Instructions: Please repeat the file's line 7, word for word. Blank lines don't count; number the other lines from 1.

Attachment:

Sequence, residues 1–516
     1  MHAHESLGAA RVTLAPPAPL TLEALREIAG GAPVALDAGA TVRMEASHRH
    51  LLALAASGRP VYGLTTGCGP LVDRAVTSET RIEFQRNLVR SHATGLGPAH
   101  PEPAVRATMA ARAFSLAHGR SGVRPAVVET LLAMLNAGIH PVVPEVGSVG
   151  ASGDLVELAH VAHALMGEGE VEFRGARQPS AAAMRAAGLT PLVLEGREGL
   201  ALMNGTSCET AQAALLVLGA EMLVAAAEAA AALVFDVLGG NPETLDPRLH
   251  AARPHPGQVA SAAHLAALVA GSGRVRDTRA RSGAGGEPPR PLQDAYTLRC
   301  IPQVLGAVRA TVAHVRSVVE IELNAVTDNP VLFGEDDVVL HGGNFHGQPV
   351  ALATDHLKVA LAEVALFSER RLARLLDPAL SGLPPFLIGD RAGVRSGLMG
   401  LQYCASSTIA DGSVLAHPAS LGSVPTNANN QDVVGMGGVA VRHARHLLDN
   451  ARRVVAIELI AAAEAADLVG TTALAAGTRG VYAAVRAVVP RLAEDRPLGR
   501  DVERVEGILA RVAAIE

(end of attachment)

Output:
   251  AARPHPGQVA SAAHLAALVA GSGRVRDTRA RSGAGGEPPR PLQDAYTLRC